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Zimbabwe vows to defy land ruling

A farmer surveys damage to his farmhouse north of Harare in 2001
Militants backed up the government land seizures

Zimbabwe's government will not comply with a regional court ruling against land seizures, a minister has said.

"They [the tribunal] are day-dreaming because we are not going to reverse the land reform exercise," Lands Minister Didymus Mutasa told state media.

A southern African court on Friday ruled that Zimbabwe's land seizures were discriminatory.

All but a handful of Zimbabwe's white farmers have lost their land under the government's land reform programme.

More than 70 white farmers who faced expropriation under Zimbabwe's land reform programme took their case to the Southern African Development Community court, which sits in Namibia.

Farmers should be allowed to return to their farms unhindered, the court said.

'Correcting imbalances'

"We will take more farms. It's not discrimination against farmers, but correcting land imbalances," Mr Mutasa told the state-owned Herald newspaper.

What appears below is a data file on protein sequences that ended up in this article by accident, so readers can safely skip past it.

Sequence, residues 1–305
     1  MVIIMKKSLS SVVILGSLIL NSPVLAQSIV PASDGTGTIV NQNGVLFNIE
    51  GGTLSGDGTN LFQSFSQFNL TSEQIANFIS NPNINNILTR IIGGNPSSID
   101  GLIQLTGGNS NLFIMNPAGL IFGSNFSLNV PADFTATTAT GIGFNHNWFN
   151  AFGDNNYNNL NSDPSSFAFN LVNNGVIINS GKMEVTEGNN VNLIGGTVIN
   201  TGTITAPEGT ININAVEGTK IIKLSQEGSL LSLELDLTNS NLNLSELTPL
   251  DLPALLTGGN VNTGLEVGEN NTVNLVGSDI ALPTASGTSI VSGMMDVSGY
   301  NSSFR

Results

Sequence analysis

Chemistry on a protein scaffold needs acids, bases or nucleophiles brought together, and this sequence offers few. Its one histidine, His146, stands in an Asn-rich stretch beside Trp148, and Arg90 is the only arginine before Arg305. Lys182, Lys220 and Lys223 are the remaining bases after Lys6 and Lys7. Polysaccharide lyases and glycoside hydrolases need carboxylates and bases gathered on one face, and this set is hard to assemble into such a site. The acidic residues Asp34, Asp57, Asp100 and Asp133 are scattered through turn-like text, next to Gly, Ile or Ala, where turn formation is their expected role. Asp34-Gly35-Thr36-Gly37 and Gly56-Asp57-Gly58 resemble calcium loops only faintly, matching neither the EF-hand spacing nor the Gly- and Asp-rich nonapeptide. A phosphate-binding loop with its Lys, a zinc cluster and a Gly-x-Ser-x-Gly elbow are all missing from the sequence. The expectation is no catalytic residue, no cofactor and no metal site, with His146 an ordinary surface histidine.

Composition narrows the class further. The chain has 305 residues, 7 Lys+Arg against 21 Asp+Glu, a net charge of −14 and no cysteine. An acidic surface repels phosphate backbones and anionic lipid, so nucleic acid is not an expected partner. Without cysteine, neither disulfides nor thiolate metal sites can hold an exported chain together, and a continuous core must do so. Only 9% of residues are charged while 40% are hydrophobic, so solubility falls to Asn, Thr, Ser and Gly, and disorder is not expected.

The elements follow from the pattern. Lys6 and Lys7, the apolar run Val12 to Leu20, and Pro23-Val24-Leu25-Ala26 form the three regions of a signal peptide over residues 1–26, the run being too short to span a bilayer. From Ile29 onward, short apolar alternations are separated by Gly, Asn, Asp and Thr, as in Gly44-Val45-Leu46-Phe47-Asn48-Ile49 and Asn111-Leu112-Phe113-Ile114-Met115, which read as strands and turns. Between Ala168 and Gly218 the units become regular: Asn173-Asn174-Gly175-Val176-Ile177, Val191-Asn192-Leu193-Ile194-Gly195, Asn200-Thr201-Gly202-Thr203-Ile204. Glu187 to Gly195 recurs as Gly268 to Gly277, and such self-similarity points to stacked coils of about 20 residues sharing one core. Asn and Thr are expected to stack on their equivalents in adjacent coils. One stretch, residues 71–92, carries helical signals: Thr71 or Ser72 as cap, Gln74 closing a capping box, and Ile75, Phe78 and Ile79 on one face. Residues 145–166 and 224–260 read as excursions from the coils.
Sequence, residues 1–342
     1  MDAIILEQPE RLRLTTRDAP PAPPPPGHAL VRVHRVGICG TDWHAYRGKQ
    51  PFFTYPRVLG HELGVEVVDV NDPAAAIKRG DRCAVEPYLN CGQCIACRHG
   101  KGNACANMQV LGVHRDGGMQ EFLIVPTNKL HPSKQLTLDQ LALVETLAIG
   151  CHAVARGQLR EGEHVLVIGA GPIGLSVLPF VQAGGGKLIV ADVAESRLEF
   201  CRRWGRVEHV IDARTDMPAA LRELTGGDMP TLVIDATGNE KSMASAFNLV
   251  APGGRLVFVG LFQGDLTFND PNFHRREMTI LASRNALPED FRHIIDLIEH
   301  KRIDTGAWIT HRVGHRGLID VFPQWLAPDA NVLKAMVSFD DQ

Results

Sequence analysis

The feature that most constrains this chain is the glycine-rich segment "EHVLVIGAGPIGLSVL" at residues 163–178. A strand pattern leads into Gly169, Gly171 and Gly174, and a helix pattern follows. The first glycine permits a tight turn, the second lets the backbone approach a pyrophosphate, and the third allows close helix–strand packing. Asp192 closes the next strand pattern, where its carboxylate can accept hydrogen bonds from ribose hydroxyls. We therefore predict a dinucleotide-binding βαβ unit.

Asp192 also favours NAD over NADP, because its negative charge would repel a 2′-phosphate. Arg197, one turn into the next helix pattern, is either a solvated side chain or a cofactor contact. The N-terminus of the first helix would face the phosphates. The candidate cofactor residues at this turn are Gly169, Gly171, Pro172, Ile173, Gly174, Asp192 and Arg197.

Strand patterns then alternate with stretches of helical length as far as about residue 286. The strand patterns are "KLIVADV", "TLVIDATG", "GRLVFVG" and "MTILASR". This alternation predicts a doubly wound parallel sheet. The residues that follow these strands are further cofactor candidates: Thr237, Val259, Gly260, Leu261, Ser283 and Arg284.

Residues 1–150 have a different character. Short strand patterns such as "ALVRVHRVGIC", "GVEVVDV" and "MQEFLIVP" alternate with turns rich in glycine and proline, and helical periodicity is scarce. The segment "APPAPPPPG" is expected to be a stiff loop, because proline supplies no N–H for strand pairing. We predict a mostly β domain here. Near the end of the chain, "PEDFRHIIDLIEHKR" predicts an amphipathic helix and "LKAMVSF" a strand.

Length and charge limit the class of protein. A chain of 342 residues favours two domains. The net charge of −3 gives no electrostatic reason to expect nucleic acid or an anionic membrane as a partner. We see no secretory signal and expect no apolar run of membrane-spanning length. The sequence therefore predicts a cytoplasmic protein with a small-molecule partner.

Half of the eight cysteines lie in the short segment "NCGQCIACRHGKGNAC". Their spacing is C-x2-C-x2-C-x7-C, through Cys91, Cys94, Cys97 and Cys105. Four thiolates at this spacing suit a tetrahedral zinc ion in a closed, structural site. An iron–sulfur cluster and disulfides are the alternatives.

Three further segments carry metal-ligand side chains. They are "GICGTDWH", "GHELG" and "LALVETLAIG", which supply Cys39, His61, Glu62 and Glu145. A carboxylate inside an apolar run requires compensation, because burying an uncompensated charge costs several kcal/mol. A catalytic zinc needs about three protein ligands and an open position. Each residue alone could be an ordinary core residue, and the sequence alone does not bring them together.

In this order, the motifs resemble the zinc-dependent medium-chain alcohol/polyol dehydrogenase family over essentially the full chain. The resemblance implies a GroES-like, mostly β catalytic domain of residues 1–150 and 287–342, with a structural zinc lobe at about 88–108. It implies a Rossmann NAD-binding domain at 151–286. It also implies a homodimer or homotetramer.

Land reform is one of President Robert Mugabe's central policies but his critics say it has helped destroy the country's economy.

Under colonial rule, whites seized much of Zimbabwe's best land, forcing black farmers to less fertile areas.

Reversing this was one of the main reason for Zimbabweans taking up arms in the 1970s to end white minority rule.

But 20 years after independence in 1980, just 4,400 white farmers still held a third of Zimbabwe's land.

One million black peasant farmers scratched a living on about the same area.

Since then the government has seized the majority of white-owned land.

But agriculture was at the heart of Zimbabwe's economy, which has since collapsed.

The latest annual inflation figures are 231,000,000% and just one adult in five is believed to have a regular job.

The health and sanitation systems have collapsed, fuelling an outbreak of cholera, which has left at least 425 people dead since August.

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